Still, I wish Fidesz well. They have an enormous task ahead of them. This is where the real test lies. Will they do what is necessary but unpopular or will they just work to stay in power? Certainly they will be able to go after local government spending (where the largess and patronage of the previous government really was), but will they get rid of the various child support programs (which give a lot more money to rich mothers than to poor ones). Will they get serious about property taxes (which will end up sending pensioners out of their big empty nests in the countryside)? Maybe if they keep picking symbolic fights with Slovakia and Romania so they'll be able to maintain their True Hungarian credibility as they swallow the IMF pill.

Comment Re:Isn't April Fools over already? (Score 1) 59

or whether this is just an attempt to limit access to embarrassing data

WTF? You mean FIDESZ wants to cover up the previous government's failure?

As I said, this is not what I'm betting on. But if asked to speculate in this area, suppose that a government website had information on poverty among Gypsies. That might be the kind of thing that the new government may not wish to emphasize.

There is another things as well. Fidesz will have to implement enormous and extremely painful budget cuts. If the MSzP run sites had bragged about social programs and how many people they helped, Fidesz may well want those squirreled away.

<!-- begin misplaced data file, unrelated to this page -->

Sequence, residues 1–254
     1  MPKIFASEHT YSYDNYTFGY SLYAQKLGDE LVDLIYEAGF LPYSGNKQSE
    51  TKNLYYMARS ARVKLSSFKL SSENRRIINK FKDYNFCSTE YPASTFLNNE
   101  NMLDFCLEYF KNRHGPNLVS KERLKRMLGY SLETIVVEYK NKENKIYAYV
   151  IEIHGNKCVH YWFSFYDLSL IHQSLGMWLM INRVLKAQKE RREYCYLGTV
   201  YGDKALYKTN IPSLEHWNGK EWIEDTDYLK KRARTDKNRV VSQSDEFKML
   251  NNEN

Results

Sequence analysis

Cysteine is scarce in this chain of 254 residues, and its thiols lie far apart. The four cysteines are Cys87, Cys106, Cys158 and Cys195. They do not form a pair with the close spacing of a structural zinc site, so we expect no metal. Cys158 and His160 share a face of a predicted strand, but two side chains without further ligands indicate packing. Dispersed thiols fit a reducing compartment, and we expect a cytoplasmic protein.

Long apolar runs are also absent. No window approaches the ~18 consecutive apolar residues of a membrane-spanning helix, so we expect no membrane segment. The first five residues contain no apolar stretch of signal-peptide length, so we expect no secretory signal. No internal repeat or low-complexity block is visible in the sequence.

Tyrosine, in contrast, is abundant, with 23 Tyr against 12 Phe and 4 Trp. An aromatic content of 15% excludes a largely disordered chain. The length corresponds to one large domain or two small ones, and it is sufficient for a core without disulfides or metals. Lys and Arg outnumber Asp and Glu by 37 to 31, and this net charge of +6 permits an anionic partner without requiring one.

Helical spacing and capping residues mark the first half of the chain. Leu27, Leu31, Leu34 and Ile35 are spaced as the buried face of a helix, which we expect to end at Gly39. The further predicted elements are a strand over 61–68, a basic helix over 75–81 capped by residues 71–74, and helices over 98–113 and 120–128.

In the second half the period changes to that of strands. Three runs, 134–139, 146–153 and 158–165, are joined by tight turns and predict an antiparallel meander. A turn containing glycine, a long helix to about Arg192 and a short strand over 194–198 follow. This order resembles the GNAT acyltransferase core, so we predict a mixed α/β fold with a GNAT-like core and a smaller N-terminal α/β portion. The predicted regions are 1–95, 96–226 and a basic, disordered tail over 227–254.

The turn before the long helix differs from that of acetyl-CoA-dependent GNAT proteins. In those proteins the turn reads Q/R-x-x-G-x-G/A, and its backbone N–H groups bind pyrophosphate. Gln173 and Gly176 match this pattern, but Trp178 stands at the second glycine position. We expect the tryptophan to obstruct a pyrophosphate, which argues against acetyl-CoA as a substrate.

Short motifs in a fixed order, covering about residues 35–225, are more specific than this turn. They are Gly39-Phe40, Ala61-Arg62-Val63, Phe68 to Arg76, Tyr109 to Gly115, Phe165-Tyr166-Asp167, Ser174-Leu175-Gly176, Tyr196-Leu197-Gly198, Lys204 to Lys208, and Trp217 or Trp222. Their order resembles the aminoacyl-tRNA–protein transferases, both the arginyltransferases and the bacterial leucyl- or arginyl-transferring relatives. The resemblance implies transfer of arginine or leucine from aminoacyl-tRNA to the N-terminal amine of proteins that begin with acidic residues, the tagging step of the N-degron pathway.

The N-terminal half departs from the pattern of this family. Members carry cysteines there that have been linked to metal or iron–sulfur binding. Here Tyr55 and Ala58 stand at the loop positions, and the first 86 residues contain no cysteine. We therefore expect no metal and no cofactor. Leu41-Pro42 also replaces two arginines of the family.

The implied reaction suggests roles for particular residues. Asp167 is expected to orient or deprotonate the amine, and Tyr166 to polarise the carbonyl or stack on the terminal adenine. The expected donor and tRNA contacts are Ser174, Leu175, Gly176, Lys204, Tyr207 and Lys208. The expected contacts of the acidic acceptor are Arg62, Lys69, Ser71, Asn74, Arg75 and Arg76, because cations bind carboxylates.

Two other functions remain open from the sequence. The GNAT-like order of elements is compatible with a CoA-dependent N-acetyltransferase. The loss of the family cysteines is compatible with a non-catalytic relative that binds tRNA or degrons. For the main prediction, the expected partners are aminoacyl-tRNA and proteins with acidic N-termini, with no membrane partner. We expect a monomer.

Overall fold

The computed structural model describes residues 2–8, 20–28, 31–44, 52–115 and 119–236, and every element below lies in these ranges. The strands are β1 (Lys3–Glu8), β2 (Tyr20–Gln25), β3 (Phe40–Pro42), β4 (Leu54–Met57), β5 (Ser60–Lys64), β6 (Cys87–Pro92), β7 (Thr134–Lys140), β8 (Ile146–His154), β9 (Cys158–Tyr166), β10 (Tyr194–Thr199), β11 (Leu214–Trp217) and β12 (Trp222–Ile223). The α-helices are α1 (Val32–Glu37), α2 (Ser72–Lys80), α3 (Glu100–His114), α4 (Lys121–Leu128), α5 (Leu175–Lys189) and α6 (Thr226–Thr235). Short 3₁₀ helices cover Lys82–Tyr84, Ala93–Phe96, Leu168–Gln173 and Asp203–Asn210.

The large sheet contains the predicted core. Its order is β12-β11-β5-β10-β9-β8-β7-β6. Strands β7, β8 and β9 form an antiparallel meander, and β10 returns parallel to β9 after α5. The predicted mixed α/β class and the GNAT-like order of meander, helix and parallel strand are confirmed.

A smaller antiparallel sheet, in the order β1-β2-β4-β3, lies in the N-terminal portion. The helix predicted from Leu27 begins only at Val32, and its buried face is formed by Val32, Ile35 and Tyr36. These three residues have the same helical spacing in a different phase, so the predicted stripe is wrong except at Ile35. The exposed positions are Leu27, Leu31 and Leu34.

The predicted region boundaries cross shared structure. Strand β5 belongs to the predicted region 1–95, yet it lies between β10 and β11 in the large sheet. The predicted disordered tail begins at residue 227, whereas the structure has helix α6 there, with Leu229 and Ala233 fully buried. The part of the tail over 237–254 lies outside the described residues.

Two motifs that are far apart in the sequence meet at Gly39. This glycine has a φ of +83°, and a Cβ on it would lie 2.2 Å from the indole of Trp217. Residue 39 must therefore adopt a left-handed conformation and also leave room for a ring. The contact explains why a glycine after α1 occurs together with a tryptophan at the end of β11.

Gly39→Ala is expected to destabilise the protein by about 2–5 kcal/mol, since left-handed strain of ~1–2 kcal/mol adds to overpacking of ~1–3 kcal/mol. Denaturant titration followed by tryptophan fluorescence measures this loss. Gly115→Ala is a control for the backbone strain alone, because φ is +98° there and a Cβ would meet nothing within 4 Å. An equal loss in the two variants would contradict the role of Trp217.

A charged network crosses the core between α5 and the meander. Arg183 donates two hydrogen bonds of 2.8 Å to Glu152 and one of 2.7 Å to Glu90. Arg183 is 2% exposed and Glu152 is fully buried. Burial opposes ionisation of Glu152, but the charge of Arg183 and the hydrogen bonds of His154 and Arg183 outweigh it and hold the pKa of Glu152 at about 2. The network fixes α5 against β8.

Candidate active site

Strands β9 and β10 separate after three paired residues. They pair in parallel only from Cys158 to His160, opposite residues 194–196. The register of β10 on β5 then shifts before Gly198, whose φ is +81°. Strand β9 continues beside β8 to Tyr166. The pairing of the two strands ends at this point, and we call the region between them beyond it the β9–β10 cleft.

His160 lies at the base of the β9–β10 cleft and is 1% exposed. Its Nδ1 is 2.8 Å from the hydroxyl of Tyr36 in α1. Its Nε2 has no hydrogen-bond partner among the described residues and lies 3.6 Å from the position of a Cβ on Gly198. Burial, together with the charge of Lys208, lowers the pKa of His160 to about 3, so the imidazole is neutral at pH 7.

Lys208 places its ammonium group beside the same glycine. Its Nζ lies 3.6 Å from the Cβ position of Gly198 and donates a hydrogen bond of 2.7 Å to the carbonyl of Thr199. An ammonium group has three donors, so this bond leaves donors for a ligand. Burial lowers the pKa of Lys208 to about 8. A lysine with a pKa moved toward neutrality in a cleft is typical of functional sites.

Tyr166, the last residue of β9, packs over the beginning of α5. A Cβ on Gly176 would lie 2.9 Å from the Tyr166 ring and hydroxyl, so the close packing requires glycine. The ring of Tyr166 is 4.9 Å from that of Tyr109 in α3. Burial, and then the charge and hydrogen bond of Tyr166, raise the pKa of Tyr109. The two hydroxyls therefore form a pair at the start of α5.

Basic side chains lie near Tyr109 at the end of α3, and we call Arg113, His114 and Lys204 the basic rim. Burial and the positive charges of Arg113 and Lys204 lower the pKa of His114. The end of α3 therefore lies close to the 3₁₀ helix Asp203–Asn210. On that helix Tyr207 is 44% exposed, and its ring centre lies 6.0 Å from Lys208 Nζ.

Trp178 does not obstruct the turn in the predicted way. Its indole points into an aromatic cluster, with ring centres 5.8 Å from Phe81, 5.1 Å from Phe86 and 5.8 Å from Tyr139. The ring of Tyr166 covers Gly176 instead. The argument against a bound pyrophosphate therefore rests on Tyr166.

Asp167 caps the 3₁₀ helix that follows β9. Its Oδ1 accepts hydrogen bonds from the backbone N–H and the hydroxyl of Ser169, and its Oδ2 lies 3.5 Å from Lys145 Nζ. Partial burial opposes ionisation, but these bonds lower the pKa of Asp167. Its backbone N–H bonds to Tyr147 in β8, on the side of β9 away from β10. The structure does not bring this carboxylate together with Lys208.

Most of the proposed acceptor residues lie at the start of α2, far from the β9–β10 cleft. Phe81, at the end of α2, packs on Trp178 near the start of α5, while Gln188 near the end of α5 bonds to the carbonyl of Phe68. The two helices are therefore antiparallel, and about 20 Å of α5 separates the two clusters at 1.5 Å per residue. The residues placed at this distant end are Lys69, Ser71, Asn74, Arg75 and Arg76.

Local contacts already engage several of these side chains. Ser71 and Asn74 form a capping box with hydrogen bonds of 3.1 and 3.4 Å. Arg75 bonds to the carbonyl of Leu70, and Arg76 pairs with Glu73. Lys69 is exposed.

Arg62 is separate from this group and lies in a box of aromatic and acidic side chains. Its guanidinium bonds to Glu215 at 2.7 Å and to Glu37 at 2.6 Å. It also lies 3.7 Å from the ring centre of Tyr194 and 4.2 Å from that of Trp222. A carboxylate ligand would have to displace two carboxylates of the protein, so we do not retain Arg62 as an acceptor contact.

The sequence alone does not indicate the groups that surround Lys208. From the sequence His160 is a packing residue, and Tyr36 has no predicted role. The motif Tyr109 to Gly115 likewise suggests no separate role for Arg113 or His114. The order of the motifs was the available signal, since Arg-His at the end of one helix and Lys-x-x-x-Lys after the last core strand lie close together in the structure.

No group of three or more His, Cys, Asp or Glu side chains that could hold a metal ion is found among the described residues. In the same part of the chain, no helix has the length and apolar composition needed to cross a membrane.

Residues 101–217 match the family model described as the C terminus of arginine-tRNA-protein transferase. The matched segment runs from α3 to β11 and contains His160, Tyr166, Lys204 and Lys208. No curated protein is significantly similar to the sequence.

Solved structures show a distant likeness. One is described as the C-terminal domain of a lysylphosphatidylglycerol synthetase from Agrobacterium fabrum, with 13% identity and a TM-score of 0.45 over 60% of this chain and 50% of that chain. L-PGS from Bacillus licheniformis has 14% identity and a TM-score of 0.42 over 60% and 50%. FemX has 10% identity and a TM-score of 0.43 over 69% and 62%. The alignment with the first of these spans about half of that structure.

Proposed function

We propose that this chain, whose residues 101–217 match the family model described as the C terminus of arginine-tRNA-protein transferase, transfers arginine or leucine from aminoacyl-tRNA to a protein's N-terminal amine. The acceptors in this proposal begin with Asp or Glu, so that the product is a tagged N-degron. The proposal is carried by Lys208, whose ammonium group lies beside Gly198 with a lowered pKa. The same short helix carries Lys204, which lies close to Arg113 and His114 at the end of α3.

But on the whole, I take their OMG message at face value. The previous websites were a mess. It's just disturbing that at the moment for those ministries there is no online information. It's like when the radio news is replaced with Beethoven.

Comment Re:Isn't April Fools over already? (Score 3, Interesting) 59

I mean like 2 months ago?!

Yeah, but today is the day that the new government (elected in April) run by Fidesz takes over control of government ministries from the old MSzP-SzDSz coalition. So it will be interesting to see whether they actually quickly get useful information on to those sites or whether this is just an attempt to limit access to embarrassing data (Fidesz is more than a bit nationalistic). I suspect that this is an honest attempt to transition to presenting information more clearly, but I wouldn't be too surprised if I were wrong.

Comment Re:Oh My Hovercraft (Score 2, Insightful) 59

What does OMG stand for in Hungarian then

Te jo eg.